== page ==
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Design Thoughts

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This article’s supposed to be design thoughts, but it seems like about 3/4 of the material was about typography, so most of the response will be about that. The Vignelli Canon was interesting as a view into the thoughts and design practices of an important designer.

One particularly interesting point that Vignelli brought up a few times was the importance of white space in design. For instance, he mentioned that it’s “the white that makes the black sing”, and that it’s “the white space that makes the layout sing”. I agree completely that white space is one of the most important parts of design, and not just in visual design. “White space” in audio—that is, periods with no sound—can be just as important as the parts with sound. I put some examples of that in my audio reflection post last week. One particular example of fantastic use of white space is in the FedEx logo:

The white space between the E and the x makes an arrow, which is very fitting for a delivery company like FedEx. One thing I wasn’t entirely in agreement with in the booklet was Vignelli’s comment about only really needing about half a dozen fonts. While I agree that there is definitely a lot that can be done with just a handful of fonts, fonts themselves can be incredibly important for a design. Sometimes a font outside of the basic six that he gave can add a lot.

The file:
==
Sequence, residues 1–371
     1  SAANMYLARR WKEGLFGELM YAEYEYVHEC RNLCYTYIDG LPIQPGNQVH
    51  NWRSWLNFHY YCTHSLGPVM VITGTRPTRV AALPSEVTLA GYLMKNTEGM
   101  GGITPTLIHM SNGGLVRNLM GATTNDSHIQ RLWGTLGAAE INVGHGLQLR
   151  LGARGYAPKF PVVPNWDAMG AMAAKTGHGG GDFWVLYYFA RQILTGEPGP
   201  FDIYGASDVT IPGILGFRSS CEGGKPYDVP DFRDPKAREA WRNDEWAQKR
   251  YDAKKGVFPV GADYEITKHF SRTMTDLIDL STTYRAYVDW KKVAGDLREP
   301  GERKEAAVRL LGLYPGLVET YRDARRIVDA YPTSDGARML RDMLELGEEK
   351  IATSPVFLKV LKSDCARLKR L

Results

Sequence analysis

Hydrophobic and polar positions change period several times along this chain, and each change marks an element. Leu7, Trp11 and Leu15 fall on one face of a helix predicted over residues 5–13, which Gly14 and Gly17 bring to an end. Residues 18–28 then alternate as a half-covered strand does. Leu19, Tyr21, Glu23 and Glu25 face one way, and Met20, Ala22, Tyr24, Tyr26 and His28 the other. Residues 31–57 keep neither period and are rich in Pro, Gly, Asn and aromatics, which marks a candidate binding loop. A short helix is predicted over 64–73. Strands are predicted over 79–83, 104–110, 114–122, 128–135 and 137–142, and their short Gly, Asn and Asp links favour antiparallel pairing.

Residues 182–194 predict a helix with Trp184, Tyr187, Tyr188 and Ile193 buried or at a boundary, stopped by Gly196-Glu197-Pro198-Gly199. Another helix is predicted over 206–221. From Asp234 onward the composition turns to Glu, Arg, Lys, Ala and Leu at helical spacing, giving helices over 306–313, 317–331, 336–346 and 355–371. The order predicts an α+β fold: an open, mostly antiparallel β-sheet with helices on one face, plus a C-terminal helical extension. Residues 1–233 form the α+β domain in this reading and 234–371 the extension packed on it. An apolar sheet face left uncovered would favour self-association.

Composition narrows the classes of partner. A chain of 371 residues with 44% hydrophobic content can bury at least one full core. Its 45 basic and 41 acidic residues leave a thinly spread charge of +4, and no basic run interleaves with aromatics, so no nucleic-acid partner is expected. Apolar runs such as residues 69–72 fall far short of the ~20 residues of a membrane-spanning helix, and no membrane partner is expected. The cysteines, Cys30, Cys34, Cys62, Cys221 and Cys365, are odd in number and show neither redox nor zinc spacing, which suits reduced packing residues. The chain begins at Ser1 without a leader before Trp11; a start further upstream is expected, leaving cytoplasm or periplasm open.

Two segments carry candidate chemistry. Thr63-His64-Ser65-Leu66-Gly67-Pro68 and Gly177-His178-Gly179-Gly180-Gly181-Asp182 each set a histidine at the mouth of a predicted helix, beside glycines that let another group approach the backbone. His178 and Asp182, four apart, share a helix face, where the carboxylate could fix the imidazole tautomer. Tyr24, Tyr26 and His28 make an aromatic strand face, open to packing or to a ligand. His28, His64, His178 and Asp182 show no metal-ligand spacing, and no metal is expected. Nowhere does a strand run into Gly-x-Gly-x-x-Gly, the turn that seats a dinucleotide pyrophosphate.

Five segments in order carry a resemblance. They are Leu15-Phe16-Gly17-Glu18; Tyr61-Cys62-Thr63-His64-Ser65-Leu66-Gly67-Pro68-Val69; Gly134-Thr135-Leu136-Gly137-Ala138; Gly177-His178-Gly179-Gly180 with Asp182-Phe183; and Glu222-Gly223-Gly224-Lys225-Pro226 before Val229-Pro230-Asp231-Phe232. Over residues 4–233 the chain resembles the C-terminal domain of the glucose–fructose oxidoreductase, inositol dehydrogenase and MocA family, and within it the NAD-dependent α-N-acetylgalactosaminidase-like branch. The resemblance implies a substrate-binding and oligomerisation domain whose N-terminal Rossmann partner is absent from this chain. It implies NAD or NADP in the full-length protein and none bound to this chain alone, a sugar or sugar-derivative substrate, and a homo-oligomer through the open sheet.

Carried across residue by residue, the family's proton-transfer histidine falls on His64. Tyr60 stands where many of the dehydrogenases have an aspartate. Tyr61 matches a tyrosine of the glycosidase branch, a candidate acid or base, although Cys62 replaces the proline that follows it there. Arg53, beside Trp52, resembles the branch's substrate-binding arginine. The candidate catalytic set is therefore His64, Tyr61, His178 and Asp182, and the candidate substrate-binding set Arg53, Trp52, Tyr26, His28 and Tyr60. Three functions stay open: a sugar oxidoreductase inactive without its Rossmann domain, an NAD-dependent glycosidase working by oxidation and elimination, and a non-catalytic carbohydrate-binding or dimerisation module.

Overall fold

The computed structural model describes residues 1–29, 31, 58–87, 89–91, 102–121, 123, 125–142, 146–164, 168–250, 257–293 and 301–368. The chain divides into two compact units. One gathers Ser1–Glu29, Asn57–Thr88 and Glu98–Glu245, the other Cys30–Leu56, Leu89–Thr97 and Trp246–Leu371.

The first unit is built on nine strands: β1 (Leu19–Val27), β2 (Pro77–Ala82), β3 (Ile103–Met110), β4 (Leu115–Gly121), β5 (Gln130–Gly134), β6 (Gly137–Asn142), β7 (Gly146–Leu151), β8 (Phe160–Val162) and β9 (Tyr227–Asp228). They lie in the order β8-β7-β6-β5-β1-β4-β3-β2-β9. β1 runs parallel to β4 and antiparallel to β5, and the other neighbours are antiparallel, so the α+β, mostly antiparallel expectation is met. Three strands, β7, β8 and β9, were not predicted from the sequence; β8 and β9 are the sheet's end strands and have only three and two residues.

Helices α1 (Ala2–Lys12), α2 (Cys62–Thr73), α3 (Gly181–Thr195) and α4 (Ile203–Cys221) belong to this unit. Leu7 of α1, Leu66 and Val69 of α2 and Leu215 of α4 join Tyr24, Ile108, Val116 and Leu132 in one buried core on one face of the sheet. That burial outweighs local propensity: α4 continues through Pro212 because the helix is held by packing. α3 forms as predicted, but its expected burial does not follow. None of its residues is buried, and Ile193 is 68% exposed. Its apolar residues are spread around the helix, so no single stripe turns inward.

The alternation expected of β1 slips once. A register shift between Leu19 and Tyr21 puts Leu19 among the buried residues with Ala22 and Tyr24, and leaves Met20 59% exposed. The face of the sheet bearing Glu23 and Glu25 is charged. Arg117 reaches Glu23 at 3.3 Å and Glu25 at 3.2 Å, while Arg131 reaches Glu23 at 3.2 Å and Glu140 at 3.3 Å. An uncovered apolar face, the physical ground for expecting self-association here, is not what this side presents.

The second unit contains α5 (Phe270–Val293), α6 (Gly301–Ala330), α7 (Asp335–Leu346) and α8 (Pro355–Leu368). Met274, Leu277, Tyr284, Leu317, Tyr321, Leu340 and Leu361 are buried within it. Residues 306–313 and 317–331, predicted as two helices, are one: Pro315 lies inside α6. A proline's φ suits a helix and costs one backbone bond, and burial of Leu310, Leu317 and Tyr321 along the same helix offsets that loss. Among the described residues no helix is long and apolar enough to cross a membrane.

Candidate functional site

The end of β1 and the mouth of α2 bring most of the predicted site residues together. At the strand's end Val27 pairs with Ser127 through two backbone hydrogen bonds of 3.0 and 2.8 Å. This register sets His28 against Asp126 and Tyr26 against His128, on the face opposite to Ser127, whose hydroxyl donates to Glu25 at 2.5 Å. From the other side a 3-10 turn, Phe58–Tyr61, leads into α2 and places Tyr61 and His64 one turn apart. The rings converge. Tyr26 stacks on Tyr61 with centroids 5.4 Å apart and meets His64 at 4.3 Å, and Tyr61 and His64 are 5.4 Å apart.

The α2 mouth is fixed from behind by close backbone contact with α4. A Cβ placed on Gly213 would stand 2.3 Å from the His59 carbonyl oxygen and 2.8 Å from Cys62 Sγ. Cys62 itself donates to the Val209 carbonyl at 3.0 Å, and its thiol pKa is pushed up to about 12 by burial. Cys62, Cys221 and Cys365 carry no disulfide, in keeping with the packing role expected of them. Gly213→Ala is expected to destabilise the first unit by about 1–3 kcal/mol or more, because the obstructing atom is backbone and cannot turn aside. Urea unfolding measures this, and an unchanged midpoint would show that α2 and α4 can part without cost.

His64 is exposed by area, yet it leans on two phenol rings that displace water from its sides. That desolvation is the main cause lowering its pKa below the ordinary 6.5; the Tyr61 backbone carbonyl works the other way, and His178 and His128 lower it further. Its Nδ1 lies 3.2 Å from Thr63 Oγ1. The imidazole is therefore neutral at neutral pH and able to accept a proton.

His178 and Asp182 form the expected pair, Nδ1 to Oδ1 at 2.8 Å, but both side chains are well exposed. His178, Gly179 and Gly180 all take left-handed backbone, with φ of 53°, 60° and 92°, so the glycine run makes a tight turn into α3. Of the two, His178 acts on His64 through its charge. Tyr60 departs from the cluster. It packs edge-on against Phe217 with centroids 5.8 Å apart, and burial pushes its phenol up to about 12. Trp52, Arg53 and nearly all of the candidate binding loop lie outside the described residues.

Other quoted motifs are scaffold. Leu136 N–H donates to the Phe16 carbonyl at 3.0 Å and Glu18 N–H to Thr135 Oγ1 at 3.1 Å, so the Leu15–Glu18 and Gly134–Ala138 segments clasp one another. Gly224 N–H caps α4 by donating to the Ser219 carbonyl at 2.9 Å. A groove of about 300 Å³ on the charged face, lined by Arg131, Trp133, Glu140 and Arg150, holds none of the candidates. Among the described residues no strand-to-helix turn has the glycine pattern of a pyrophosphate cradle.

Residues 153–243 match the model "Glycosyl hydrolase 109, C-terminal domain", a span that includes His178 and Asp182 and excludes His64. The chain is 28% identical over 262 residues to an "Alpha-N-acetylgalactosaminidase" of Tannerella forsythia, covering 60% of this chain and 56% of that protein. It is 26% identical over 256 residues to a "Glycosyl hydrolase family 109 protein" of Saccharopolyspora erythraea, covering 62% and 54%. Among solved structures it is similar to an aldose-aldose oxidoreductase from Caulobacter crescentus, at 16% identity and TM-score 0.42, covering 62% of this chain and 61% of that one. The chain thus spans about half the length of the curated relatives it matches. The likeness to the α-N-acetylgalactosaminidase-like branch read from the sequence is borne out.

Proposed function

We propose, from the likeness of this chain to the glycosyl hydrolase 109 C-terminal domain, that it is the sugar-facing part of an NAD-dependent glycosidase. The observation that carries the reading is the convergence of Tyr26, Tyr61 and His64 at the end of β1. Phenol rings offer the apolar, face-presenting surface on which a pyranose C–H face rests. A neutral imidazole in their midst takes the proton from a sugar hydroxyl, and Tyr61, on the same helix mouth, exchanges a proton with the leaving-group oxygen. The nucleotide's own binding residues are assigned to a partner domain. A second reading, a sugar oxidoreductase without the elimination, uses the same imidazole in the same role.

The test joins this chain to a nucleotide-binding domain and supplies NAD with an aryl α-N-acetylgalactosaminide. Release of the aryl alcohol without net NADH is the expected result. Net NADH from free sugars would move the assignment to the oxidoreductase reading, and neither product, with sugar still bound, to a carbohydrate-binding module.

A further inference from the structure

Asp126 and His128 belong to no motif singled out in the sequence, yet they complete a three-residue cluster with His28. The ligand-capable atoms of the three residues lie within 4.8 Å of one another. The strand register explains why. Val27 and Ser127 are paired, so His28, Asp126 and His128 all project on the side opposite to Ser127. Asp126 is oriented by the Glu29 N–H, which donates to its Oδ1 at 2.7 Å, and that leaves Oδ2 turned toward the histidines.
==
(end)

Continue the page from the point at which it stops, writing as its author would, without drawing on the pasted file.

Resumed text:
That actually brings me to the other article and the video, both of which were about typography in titles. The designers put a ton of work into the choice of font for their titles, which I think is work well spent. Stranger Things‘ title wouldn’t have been quite the same with one of those six standard fonts, would it? I was also amazed by just how many typefaces and logos Benguiat worked on. There are just so many wildly different companies and organisations that use logos designed by him. The video was also interesting in that it showed how much work goes into title design. I figured that it might take a while to make a title sequence, but I never would’ve guessed it’d take over a year sometimes. I especially liked the title sequence for After Hours. While he was speaking about it, I was trying to read the names that came up, but it always transitioned right before I finished reading their names. It definitely encouraged the frantic pace that it was meant to invoke.

Very interesting readings/video this week! I think it’ll make me think twice about the design process behind things that I see in everyday life.

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